First and foremost is local opposition to schools being used to “indoctrinate” students into believing that coronavirus vaccines, which are safe and effective, are really safe and effective.
“I do not believe that it is necessary to put additional chemicals into my child’s body for an illness that she would fully recover from,” Ashley McKinnon, a Massachusetts parent, declared in online testimony before the Massachusetts legislature’s Public Health Committee last month during debate over a bill to standardize vaccine rules for students and faculty in the commonwealth. “You are proposing to take away my right as a parent and for what? To protect other people?”
Some localities are embracing the push. In Washington, D.C., Mayor Muriel Bowser announced that the first 400 minors to get vaccinated at one of three sites located in District public schools would receive free Apple AirPods.
But actually getting shots in arms for students over the age of 12 is more than a matter of AirPods and Benny Drama TikToks. Minors face difficult legal hurdles to even obtain a vaccine, regardless of their own willingness to get inoculated against a disease that is putting more and more kids in the hospital.
Forty-one states require parental consent for children below the age of 18 to get vaccinations against diseases like measles and influenza, and in Nebraska, consent is required even for 18-year-old adults. Some localities like San Francisco, Philadelphia, and Washington, D.C., have implemented emergency policies allowing minors to self-consent for COVID-19 vaccination, (although in Arizona, doing so requires a court order), and medical experts have called for those laws to be relaxed. But others are digging in their heels to ensure that vaccine-hesitant parents have the final say on their kids’ ability to get the shot.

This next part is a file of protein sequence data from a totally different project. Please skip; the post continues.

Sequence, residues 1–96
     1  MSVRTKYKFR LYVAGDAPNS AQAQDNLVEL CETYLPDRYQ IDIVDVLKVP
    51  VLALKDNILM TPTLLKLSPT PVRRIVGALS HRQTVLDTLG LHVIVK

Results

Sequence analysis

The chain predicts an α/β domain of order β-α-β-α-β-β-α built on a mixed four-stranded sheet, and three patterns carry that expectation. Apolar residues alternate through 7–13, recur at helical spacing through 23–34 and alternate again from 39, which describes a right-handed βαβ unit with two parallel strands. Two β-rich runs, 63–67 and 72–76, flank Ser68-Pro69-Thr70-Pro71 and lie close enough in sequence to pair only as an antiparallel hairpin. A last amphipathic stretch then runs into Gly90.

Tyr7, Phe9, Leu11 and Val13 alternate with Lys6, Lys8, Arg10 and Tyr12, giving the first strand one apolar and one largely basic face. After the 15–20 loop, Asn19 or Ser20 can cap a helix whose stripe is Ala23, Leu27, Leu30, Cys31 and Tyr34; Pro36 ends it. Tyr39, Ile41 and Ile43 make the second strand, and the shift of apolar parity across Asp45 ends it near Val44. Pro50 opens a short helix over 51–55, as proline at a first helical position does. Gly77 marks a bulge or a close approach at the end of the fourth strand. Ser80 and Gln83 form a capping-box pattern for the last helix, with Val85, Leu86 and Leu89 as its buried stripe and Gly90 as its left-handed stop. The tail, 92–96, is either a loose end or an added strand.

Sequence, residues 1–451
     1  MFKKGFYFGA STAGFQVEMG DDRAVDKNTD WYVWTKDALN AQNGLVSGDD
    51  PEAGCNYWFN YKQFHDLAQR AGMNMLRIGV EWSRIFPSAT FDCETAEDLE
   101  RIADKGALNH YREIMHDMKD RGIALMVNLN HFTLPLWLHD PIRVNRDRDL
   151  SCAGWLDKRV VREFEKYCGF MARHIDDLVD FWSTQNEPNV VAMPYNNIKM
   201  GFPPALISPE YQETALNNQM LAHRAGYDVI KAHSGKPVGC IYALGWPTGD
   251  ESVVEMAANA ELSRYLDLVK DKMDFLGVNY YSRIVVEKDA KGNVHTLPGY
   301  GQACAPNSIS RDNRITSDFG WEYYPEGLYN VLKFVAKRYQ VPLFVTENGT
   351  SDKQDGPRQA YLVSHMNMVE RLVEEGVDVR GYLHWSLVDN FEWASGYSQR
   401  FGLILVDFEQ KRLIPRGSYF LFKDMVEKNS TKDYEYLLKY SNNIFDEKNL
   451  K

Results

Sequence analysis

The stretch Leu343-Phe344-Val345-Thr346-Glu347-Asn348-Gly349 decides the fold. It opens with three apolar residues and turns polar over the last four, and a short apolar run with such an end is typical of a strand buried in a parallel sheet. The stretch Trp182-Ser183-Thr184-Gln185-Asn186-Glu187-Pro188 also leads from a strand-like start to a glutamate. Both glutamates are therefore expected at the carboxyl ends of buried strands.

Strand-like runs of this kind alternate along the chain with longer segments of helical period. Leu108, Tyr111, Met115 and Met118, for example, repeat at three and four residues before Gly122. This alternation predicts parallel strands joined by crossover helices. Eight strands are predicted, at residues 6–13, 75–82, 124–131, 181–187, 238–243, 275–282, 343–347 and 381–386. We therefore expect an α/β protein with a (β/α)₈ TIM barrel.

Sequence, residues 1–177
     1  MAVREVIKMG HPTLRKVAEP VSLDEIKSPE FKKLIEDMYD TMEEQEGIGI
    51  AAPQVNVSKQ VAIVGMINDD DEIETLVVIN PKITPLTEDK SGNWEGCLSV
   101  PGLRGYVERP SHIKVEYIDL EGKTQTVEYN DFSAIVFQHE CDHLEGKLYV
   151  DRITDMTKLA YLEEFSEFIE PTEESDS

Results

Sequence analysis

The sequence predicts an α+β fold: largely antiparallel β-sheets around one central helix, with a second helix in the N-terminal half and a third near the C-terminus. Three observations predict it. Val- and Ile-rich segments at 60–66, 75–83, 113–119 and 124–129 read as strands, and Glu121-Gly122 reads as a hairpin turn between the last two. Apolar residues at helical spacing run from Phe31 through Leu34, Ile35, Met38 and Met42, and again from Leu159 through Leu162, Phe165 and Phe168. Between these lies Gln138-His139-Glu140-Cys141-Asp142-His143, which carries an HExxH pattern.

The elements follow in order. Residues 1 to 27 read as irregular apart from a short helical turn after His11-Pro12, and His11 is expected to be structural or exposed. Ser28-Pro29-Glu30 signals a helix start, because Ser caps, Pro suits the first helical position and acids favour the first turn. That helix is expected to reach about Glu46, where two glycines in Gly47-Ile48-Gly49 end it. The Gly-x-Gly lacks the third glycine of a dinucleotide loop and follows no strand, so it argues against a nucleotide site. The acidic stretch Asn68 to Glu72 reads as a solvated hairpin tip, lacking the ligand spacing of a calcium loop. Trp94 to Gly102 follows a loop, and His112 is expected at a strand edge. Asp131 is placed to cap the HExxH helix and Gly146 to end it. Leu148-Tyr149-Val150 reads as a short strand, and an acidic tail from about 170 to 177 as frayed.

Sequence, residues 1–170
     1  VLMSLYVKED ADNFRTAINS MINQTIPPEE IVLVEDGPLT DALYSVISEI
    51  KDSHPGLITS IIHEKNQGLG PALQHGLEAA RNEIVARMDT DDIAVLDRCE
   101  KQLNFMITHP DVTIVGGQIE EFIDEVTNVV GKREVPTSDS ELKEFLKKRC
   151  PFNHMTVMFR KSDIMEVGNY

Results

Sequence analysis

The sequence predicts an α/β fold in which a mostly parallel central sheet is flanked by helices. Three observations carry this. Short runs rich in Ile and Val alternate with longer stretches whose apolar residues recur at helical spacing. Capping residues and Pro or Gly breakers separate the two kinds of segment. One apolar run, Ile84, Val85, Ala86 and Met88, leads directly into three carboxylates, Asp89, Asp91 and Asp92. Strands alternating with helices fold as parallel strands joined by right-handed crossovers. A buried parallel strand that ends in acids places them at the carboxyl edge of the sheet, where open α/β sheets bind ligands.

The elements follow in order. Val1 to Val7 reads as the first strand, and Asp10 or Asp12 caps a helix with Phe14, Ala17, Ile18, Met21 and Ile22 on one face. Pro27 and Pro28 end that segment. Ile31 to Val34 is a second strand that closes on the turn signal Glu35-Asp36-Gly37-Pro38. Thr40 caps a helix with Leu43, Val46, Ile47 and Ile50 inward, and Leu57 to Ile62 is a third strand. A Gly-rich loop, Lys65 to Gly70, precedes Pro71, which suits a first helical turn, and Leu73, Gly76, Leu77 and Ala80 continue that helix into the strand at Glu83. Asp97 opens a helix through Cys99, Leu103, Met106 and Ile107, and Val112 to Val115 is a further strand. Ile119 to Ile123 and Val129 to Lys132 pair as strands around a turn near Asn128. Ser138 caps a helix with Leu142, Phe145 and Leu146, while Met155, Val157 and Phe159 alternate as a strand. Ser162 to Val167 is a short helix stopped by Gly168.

In Tennessee, the state’s top vaccine official was fired last month after she encouraged health-care providers to allow teenagers to receive a vaccination for COVID-19, telling doctors (correctly) that they had the law on their side.
“Specifically, it was MY job to provide evidence-based education and vaccine access so that Tennesseans could protect themselves against COVID-19,” Dr. Michelle Fiscus said in a lengthy statement following her ouster as the medical director for vaccine-preventable diseases and immunization programs at the Tennessee Department of Health. “I have now been terminated for doing exactly that… Our leaders are putting barriers in place to ensure the people of Tennessee remain at-risk, even with the Delta variant bearing down upon us.”
With nearly 40 percent of American adults still not vaccinated, the Biden administration now faces the challenge of encouraging the children of vaccine-hesitant parents who want the shot but cannot get it because their parents won’t approve.
“We are either helping our children, or we’re hurting our children,” Cardona said at the Topeka event. “There’s no grey area here. It’s safe, and I think it’s our way as a country to get back into school and give you the best opportunity to be in those extracurricular activities, those games, those clubs, in-person. You’ve suffered enough, we have got to get it done.”